Vermont Vendors Travel Together to Take on Massachusetts
|Our States - Vermont|
|Written by Lara Zelman|
I love that every time I go to the farmers market I have the opportunity to meet new people and learn their story. At the Russell’s Garden Center Summer Farmers' Market, I met two wonderful women and chatted with them about their locally made foods.
First, I was drawn in by a table full of delicious looking sauces. I met Sandra Hunt at Vermont Gourmet Candy Dish. The name was slightly deceiving, as Sandra and her husband Bruce have a delectable line of gourmet savory sauces, jams, and chocolate and caramel sauces. She was a realtor for most of her professional life and her husband worked in business for over 30 years. Making sauces and cooking was always a hobby and they have retired and now spend their time doing what they love.
Their products are quite popular so they tried out large scale production. When they couldn’t maintain the quality that they wanted, they scaled back and focused on making high quality products. Each batch is only 12-14 jars. When you think about how many markets they visit, that’s a lot of batches! They had everything from jelly to caramel sauce to horseradish!
Sandra and Bruce have their headquarters in Florence, Vermont but spent this year sharing their products at a number of Massachusetts farmers' markets. Sandra travels down to Massachusetts with her friend Jane, from Westport River Creamery. They pack up and hit the road - their route takes them to Wayland on Wednesdays, Salem on Thursdays and then come back down for weekend markets.
Jane, along with her husband Charlie, makes over a dozen types of cheese on a 200 acre farm in Londonderry, Vermont. Sandra told me I had to check out Jane’s award winning cheddar, which I couldn’t resist buying. And Jane told me about their award winning marinated feta cheese, something that often surprises people. When I think of Vermont Cheese, that’s not the first thing I think about but I bet it is delicious! She had already sold out that day, so I’ll have to make another trip to try it out.
It was clear that these women have a great time travelling the New England highways and enthusiastically sharing their local food with the community.
It may feel like fall outside, but most of the ‘summer’ markets around Boston stay open until the root veggies make their presence known. While the Russell’s Garden Center Market just closed on October 13, the Salem Market is open Thursdays through October 21. So hold on to summer just a little longer, hit the road and try something new! And most importantly ask the wonderful vendors questions. Their passion and dedication come through in their products!
I decided to combine a few of my favorite things to create a fall treat. With the sharp cheddar from Westport River, I expanded my ingredient list to include paula red apples from Bolton Spring Farm and Smaht Farm honey (picked up at the Boston University farmers market). Using a recipe from Joy of Cooking for technique, in less than 30 minutes I came up with a new twist on a fall favorite. Goodbye apple pie with a slice of cheddar on top, hello cheddar apple biscuits!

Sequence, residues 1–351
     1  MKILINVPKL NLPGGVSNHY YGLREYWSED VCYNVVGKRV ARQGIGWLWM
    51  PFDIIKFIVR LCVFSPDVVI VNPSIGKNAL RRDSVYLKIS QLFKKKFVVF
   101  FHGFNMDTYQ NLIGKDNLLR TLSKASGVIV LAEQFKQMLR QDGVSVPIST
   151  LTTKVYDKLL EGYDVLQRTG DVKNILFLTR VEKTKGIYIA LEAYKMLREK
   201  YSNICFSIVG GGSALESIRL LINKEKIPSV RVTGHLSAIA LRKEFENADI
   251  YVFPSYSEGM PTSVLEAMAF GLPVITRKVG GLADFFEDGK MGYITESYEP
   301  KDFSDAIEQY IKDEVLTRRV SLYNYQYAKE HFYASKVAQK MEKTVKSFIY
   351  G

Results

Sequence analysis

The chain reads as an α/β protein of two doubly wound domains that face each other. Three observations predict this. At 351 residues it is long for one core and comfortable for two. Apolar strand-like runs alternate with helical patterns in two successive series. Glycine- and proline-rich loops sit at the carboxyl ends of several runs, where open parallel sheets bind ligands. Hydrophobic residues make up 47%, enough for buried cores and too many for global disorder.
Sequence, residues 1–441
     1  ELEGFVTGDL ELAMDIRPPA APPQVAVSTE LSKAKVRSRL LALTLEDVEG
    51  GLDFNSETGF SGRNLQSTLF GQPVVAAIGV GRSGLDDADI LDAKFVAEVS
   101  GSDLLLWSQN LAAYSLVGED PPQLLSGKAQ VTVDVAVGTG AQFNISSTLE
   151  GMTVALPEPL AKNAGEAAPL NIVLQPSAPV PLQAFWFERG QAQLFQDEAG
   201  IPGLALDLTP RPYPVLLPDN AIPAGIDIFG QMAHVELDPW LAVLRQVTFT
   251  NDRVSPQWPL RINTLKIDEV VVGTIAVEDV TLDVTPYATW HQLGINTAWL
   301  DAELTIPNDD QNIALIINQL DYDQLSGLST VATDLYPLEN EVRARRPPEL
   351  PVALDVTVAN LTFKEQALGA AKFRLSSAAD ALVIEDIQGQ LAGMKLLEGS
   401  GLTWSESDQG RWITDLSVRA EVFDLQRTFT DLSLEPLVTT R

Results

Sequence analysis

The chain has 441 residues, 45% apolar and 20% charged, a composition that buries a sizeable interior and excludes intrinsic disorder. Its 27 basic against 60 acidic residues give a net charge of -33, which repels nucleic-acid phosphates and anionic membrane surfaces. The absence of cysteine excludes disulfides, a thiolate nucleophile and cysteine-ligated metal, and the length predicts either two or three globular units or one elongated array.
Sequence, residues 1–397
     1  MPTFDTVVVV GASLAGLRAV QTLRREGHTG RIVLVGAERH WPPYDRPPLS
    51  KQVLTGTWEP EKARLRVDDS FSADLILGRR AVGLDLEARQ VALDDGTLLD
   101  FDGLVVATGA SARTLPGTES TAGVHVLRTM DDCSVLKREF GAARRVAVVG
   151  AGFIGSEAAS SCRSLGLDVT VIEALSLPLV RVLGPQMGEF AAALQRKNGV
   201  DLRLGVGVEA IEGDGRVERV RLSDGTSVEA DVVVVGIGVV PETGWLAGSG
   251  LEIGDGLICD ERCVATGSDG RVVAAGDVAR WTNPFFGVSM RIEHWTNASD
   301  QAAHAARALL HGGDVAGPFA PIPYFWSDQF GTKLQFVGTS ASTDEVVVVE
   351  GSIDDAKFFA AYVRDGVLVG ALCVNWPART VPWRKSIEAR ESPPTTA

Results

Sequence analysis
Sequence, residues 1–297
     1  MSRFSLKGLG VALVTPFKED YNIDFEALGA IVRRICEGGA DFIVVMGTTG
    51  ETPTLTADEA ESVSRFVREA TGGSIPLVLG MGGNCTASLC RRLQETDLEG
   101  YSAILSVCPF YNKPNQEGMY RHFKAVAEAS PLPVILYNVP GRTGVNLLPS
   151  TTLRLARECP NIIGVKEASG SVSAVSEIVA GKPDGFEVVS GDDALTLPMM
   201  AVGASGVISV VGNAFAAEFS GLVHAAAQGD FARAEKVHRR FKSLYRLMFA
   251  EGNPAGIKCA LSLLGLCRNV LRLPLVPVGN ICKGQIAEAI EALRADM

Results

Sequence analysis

Cheddar Apple Pinwheel Biscuits
Recipe adapted from Joy of Cooking
2 paula red apples, peeled, cores and diced
1 tablespoon Smaht Farm honey
2 tablespoons unsalted butter
Heat an 8-inch skillet over medium heat. Add butter. When butter is melted, add diced apples and honey. Stir and cook until apples are just softened, about 5 minutes. Set aside to cool while working on the biscuit dough.
2 cups all-purpose flour
2 1/2 teaspoons baking powder
1/2 teaspoon salt
6 tablespoons unsalted butter, cut into pieces
3/4 cup shredded sharp cheddar cheese
3/4 cup milk
3 tablespoons unsalted butter, melted
Mix flour, baking powder and salt in a large bowl. Add butter pieces and either cut with a pastry blender or use two knives to cut in the butter. Continue to cut in the butter until the largest pieces are the size of peas and the rest look like breadcrumbs. Mix in shredded cheddar. Add the milk and mix with a spatula until all dry ingredients are just moistened. Using your hands, gather the dough into a ball and knead against the sides of the bowl, 5-10 times. Transfer the dough to a lightly floured work surface. Using a lightly floured rolling pin, roll out the dough into a 10-inch square, about 1/4 inch thick. Brush the dough with the melted butter. Spread the cooked apple mixture evenly over the dough, leaving about a quarter inch clearance around the edges. Roll the dough away from you, tightly, forming a log. Using a large, sharp knife, cut the log into 12 1-inch pieces.
Place the pieces onto a greased baking sheet, cut side facing up (you should see the pinwheel). Bake for 10-12 minutes, until golden brown. Remove from the oven and serve warm.